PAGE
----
On the whole, this book puts forth imagination as a means to explore the world of aesthetics and delves into it through the lens of play. Chin Jung-kwon offers interesting insights on how the “imagination revolution” has spawned a new way of thinking and describes its seven characteristics: nonlinearity, circularity, fragmentation, ambiguity, kinesthesia, hieroglyphics, and monadism. These seven characteristics are visibly portrayed in both the form and content of the book. In other words, instead of expressing everything through text, the book reveals meaning through image. This format actually fits well with the recent cultural changes in which the main medium of communication has switched from logical letters into sensory images. In short, the book itself is a reflection of the current cultural landscape where people have stopped pursuing the only “truth” and are instead taking an active interest in “fun” and “play.”
About the author
Chin Jung-kwon is a prominent South Korean cultural critic. He received abachelor’s and master’s degree in Aesthetics from Seoul National University and studiedstructural linguistics in Germany. He is now a professor at Dongyang University.
His trilogy, Odyssey of Aesthetics, has been listed on various recommendedreading lists over the past 20 years and is now regarded as a steady seller and a classicamong modern Korean readers. Though he is referred to by many titles—a cultural critic,a commentator, a leading intellectual who makes biting commentary on the absurdity ofsociety—he identifies himself as an aesthetician whose “ultimate goal in life is to write agood book on aesthetics.” Since 2008, he has been active in teaching, research, andwriting with Techno-Aesthetic Society, under the mission of “redefining Humanities, theold media, in the new media age of image and sound.”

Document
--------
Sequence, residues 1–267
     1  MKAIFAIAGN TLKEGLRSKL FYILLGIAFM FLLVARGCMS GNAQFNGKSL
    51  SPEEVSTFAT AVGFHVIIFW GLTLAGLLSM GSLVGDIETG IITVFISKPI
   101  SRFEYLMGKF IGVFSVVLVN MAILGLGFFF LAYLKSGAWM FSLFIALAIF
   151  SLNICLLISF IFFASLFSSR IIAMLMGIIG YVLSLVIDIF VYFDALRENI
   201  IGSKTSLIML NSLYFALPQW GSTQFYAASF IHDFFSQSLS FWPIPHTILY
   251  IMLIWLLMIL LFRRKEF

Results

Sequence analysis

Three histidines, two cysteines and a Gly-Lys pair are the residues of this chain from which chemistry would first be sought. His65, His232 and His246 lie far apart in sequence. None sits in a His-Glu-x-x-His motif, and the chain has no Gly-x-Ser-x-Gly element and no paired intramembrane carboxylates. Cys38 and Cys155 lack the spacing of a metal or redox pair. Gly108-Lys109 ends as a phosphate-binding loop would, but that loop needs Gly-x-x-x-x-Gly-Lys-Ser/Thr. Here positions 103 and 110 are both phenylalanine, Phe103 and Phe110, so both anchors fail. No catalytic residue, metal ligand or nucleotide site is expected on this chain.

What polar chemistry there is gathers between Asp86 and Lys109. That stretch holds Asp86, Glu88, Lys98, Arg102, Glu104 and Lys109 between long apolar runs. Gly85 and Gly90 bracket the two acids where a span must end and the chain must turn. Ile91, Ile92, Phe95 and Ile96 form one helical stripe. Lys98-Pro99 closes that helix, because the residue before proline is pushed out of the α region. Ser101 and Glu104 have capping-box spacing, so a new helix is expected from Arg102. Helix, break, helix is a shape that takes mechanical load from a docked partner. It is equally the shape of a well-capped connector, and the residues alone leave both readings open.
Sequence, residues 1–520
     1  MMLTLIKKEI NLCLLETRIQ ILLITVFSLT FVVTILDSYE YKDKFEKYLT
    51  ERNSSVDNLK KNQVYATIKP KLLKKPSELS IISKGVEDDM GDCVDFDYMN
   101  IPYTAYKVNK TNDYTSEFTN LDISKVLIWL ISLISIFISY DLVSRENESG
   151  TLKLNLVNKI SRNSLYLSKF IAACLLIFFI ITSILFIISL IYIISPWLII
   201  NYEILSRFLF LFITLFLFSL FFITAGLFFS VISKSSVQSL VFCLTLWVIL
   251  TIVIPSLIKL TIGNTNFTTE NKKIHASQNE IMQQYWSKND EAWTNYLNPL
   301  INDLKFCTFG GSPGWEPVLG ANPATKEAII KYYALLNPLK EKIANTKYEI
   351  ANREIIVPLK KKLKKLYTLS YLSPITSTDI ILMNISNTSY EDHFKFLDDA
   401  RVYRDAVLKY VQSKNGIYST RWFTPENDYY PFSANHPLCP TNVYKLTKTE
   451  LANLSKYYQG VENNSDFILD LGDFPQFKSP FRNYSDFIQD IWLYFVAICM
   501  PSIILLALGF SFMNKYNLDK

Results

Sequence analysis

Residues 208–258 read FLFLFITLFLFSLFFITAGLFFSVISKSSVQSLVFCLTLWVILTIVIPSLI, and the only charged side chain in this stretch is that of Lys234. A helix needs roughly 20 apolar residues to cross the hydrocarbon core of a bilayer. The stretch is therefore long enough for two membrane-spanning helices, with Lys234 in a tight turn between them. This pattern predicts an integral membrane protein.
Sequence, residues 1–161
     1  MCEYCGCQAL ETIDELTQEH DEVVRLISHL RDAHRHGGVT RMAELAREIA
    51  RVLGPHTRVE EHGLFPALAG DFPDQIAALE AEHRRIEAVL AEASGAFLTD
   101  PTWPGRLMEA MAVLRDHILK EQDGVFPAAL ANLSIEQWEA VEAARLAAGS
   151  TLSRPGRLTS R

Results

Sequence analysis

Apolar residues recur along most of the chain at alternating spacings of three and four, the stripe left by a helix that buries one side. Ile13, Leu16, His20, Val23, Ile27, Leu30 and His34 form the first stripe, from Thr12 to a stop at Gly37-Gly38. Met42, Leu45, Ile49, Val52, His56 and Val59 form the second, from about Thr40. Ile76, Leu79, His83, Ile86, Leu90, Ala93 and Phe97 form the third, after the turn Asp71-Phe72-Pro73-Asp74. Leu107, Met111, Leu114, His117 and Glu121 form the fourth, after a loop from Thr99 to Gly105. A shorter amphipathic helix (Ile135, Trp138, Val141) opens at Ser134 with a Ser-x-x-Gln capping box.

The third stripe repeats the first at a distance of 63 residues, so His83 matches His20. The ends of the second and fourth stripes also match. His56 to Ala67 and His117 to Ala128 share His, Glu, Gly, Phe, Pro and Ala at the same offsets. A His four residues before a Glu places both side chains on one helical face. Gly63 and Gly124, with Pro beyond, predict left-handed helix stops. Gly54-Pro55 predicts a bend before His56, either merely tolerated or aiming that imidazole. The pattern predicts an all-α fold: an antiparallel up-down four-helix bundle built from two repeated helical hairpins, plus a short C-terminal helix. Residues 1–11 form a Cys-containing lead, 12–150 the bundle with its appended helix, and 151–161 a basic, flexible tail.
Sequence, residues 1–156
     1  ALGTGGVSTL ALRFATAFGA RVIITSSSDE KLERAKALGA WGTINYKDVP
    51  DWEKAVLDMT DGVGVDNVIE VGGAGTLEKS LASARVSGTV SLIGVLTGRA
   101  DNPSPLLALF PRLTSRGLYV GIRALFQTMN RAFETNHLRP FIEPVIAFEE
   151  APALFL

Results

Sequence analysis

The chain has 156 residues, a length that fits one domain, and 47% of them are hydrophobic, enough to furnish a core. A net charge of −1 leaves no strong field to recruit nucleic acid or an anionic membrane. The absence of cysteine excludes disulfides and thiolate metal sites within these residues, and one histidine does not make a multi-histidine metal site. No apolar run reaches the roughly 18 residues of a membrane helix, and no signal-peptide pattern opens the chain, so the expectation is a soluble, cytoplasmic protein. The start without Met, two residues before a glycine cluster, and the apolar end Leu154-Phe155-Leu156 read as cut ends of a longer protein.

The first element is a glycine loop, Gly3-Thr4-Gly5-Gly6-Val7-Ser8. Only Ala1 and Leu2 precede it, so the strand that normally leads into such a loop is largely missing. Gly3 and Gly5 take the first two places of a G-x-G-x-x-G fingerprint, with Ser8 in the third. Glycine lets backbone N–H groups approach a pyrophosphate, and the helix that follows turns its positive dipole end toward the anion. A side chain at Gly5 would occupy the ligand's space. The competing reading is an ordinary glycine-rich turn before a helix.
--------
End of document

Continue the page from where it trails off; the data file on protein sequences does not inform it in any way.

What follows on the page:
His major publications include the Image Humanities Vol. 1-2, the Odyssey ofAesthetics Vol. 1-3, Play, Art and Imagination, Homo Coreanicus, Icon, and AestheticEssays. He co-authored Did You Think about It?, the Cross Vol. 1-2, Democracy, Again,and Rebirth of Progress. He also translated The Blue and Brown Books by LudwigWittgenstein and The Birth of the Network Aesthetics by Hiroshi Kawano.
About the translators
Mi-rae Yang is a professional translator with a master’s degree in English/Korean Translation from Graduate School of Translation and Interpretation at Hankuk University of Foreign Studies.
Media Response/Awards Received
This brilliant book provides a persuasive explanation of the relationship between play andart through a variety of examples … The artworks displayed in the book represent a genreof art that has been overlooked in the modern era. Today, they are enjoying a revival inwhich their value is being rediscovered through the lens of postmodernism.
For Chin Jung-kwon, who declared himself a full-time writer, writing is not just the fruitof sleepless, agonizing nights but just good fun. This book is the epitome of good fun.
-<DongA Ilbo Newpaper>
The book ranked fourth in the Humanities category of the South Korean bestseller list in July 2005 and tenth in January 2006.